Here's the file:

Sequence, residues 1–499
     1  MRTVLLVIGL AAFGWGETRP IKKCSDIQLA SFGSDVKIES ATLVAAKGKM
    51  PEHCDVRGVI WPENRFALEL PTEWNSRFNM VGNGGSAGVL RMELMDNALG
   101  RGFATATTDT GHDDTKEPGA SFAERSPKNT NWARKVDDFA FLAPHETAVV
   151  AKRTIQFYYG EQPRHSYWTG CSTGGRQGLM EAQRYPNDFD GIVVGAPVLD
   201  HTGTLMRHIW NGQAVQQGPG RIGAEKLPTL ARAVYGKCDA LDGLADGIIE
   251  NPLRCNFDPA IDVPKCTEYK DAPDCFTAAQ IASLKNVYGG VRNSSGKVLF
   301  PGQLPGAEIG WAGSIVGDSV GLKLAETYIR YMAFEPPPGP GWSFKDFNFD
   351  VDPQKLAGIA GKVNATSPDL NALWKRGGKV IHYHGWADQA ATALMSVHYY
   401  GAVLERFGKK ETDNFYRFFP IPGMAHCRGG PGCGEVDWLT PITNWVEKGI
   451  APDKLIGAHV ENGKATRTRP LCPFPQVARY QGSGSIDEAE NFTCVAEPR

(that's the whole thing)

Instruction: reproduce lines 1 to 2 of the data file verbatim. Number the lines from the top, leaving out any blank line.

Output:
Sequence, residues 1–499
     1  MRTVLLVIGL AAFGWGETRP IKKCSDIQLA SFGSDVKIES ATLVAAKGKM